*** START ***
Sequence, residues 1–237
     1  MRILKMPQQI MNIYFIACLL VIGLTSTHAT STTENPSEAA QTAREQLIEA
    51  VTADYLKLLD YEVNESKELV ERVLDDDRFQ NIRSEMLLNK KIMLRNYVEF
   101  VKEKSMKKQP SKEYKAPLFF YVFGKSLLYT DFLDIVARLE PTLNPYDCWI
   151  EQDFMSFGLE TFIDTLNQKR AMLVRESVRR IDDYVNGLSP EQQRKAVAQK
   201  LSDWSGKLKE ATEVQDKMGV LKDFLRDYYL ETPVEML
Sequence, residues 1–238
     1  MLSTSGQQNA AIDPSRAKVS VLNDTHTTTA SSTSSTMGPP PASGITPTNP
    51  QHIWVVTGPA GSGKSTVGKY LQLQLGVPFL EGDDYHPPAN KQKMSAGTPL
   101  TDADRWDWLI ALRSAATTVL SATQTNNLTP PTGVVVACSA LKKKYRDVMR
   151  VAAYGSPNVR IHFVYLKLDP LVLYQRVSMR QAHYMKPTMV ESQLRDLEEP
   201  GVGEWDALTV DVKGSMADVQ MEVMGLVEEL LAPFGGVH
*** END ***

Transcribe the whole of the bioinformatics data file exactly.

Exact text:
Sequence, residues 1–237
     1  MRILKMPQQI MNIYFIACLL VIGLTSTHAT STTENPSEAA QTAREQLIEA
    51  VTADYLKLLD YEVNESKELV ERVLDDDRFQ NIRSEMLLNK KIMLRNYVEF
   101  VKEKSMKKQP SKEYKAPLFF YVFGKSLLYT DFLDIVARLE PTLNPYDCWI
   151  EQDFMSFGLE TFIDTLNQKR AMLVRESVRR IDDYVNGLSP EQQRKAVAQK
   201  LSDWSGKLKE ATEVQDKMGV LKDFLRDYYL ETPVEML
Sequence, residues 1–238
     1  MLSTSGQQNA AIDPSRAKVS VLNDTHTTTA SSTSSTMGPP PASGITPTNP
    51  QHIWVVTGPA GSGKSTVGKY LQLQLGVPFL EGDDYHPPAN KQKMSAGTPL
   101  TDADRWDWLI ALRSAATTVL SATQTNNLTP PTGVVVACSA LKKKYRDVMR
   151  VAAYGSPNVR IHFVYLKLDP LVLYQRVSMR QAHYMKPTMV ESQLRDLEEP
   201  GVGEWDALTV DVKGSMADVQ MEVMGLVEEL LAPFGGVH